Fullerton, CA

#14 Feb 23, 2011
lol
LBsambo

Santa Fe, NM

#15 Feb 23, 2011
Get the unions out.
Peralta de Peralta

Fort Huachuca, AZ

#18 Feb 23, 2011
NJBRED wrote:
School Vouchers! Please! Give me my child's $9k and I'll use it wisely, I would probably be able to give the state a refund too!!
Hear, here! Our kids private school is run on LESS than $9K per student per year, graduates 100% of it's senior class [except for mid-year transfers], scores consistently high for both SATs and ACTs, sends OVER 80% of graduates to 4-year colleges, AND over 50% of graduates receive some sort of scholarship or grant money. There isn't a public school in the entire state that can top that!

And the costs for our kids education comes straight out of take-home pay, not property taxes.
CornDogz

Albuquerque, NM

#19 Feb 23, 2011
Al Reine wrote:
<quoted text>
And your guess would be exactly right. The problem is the misguided notion that EVERY student deserves an equal effort from the teacher. That is WHY other countries are passing us by. They KNOW that not every student is a little genius ready to solve the world's problems. People need to face facts that some kids are smarter than others. Why waste the effort on a kid who's main priority is finding the most effective switchblade or strongest pot plant to smoke?
That's a pretty poor approach to education. Every kids DOES deserve the same effort from their teachers, however not every child will respond positively to that. Regardless, they still deserve the opportunity. The very LAST thing NM needs is a shitpot of throw-away children. We have enough already and ignoring those that someone deems as losers(even if they are) does not adequately address the issue.
Peralta de Peralta

Fort Huachuca, AZ

#20 Feb 23, 2011
APDdungcollection wrote:
The single most important factor in education is the parent(s) of the child. Second most important is the income of the parent(s).
I agree with your first statement and completely disagree with your second. If the parents don't make education a high priority, it doesn't matter how much $ they make. But the parents can be dirt poor without a pot to pee in and if they make education and hard work a priority AND practice what they preach, the kids will do well in school.

“Eat me. I'm a Danish.”

Since: Dec 10

Las Cruces, New Mexico

#21 Feb 23, 2011
CornDogz wrote:
<quoted text>
That's a pretty poor approach to education. Every kids DOES deserve the same effort from their teachers, however not every child will respond positively to that. Regardless, they still deserve the opportunity. The very LAST thing NM needs is a shitpot of throw-away children. We have enough already and ignoring those that someone deems as losers(even if they are) does not adequately address the issue.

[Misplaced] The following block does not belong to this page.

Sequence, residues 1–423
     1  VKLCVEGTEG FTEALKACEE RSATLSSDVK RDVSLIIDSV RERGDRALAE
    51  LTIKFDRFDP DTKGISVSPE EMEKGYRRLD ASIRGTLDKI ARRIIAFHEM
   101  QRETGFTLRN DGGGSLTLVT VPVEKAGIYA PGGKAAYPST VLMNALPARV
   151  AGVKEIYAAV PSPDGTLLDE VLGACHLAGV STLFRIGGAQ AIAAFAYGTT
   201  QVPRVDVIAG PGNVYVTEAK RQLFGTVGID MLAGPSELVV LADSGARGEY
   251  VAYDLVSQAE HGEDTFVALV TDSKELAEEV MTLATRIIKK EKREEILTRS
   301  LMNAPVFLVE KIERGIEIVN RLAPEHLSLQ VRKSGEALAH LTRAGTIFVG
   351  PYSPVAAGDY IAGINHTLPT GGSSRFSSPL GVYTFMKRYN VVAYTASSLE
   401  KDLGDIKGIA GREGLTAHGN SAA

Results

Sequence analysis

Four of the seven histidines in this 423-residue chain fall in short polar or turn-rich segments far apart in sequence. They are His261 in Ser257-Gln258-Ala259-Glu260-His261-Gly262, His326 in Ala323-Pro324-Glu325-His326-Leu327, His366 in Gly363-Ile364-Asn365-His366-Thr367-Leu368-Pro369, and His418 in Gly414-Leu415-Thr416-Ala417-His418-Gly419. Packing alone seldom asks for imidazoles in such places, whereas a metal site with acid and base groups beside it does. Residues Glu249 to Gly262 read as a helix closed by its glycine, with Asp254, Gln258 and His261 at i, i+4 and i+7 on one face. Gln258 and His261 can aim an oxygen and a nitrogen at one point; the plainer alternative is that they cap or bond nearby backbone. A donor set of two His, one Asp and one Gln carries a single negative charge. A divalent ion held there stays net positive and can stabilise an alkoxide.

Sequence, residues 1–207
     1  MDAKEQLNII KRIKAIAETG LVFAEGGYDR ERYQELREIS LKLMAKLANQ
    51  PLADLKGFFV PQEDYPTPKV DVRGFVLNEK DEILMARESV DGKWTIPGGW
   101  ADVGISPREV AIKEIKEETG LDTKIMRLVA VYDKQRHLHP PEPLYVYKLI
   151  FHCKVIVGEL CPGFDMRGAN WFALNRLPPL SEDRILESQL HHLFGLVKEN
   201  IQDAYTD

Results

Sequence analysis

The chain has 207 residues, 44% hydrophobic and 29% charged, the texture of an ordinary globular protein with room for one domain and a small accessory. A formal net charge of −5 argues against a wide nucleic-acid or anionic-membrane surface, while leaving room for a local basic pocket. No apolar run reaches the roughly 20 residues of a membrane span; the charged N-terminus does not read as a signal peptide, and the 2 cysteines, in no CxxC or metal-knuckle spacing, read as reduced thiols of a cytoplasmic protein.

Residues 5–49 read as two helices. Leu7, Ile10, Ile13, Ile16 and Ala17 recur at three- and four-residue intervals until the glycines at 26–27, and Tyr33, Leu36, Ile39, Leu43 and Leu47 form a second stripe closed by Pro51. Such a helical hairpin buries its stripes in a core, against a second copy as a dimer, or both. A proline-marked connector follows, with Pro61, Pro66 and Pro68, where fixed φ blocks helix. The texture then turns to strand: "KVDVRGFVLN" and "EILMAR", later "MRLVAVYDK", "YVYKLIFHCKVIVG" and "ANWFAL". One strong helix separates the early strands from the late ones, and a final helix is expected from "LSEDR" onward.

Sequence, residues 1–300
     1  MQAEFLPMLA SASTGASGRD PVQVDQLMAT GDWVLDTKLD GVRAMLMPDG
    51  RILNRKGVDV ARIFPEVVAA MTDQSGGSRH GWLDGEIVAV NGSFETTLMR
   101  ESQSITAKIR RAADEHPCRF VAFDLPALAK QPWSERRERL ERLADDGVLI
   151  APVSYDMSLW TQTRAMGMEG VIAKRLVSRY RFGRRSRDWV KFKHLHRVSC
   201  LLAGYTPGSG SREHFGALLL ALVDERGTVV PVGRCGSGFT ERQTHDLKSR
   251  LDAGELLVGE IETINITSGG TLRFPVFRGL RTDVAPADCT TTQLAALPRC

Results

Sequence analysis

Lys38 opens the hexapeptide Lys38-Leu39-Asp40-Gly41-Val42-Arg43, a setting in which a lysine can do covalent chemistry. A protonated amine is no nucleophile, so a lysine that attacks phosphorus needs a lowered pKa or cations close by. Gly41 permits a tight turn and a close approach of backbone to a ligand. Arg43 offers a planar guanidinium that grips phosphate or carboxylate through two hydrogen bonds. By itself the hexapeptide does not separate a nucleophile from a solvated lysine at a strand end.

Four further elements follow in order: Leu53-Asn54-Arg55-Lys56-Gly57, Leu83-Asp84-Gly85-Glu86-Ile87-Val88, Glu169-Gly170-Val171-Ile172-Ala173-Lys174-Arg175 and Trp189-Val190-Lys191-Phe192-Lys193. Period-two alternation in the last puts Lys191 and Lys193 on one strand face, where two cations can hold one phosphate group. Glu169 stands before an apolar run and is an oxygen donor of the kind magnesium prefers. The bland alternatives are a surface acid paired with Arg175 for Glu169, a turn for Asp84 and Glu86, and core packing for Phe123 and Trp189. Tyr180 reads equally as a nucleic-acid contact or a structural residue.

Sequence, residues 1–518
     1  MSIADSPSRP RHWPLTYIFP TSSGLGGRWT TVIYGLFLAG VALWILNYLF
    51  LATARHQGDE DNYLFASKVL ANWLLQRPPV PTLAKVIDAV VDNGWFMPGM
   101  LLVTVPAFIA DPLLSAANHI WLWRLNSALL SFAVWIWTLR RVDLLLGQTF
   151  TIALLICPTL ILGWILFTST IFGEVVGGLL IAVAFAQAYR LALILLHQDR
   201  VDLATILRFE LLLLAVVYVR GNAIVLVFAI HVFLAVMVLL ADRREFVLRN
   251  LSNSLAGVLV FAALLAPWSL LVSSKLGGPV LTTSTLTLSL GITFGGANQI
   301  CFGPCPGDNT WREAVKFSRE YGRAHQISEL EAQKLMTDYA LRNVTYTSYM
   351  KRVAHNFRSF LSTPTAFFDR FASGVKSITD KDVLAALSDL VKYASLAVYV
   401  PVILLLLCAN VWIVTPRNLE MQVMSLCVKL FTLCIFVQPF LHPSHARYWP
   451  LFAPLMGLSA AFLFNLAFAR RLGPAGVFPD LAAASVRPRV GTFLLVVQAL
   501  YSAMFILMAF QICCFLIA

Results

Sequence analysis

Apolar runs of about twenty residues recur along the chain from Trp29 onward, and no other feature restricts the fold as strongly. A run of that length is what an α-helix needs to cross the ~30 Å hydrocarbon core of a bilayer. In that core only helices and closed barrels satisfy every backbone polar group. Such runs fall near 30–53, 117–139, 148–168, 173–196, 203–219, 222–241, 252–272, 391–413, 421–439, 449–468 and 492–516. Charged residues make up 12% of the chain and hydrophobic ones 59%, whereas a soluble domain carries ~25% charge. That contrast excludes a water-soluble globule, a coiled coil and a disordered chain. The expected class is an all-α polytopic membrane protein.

Darn well put! Thank you!
APDdungcollectio n

Santa Fe, NM

#22 Feb 23, 2011
Al Reine wrote:
<quoted text>
And your guess would be exactly right. The problem is the misguided notion that EVERY student deserves an equal effort from the teacher. That is WHY other countries are passing us by. They KNOW that not every student is a little genius ready to solve the world's problems. People need to face facts that some kids are smarter than others. Why waste the effort on a kid who's main priority is finding the most effective switchblade or strongest pot plant to smoke? Private schools don't have to deal with the idiotic liberal idea that every kid deserves the best education possible. The bright ones get nourished and flourish and the idiots get booted out to go to public indoctrination schools and fight in gangs. We don't need to spend a fortune on public schools. Unless you want to spend some money on teaching teachers how to defend themselves when some dirtbag kid pulls a weapon on them. No amountn of spending is going to bring a public school up to the level of a private school.
Something right out of the Nazi handbook. Heil Hitler!

So elementary school children don't deserve a good education huh. Every child who enters school does deserve the best, regardless of income. Its not hard to achieve either, simply get rid of the teachers union and extend the school year. Better teacher beget better results.

I would agree that problem kids do need to be removed from the normal school system but not discarded.

But the idea of simply catering to a few who excel is simply and morally wrong.

I suggest you google IDEAL or KIPP schools to see models that work effectively at a reasonable cost.
APDdungcollectio n

Santa Fe, NM

#24 Feb 23, 2011
I would have no problem putting a bullet in Al. The world would be a better place without him. I have no conscious either so wouldn't even lose any sleep. But my conscious does extend to children who deserve every chance to succeed.

“I Put the "B" in ITCH!!”

Since: Jun 08

Wood-Ridge, NJ

#25 Feb 23, 2011
Peralta de Peralta wrote:
<quoted text>
Hear, here! Our kids private school is run on LESS than $9K per student per year, graduates 100% of it's senior class [except for mid-year transfers], scores consistently high for both SATs and ACTs, sends OVER 80% of graduates to 4-year colleges, AND over 50% of graduates receive some sort of scholarship or grant money. There isn't a public school in the entire state that can top that!
And the costs for our kids education comes straight out of take-home pay, not property taxes.
All three of my children were sent to private schools, the two older ones up until 6th grade. The younger one came out in the 3rd grade due to a divorce and finances. The foundation was laid for them all but what I find revealing is that in private schools when there is a school function, almost every parent shows up. That's not evident in the public school. It's a real shame that more parent's don't insist on making their children's education a priority.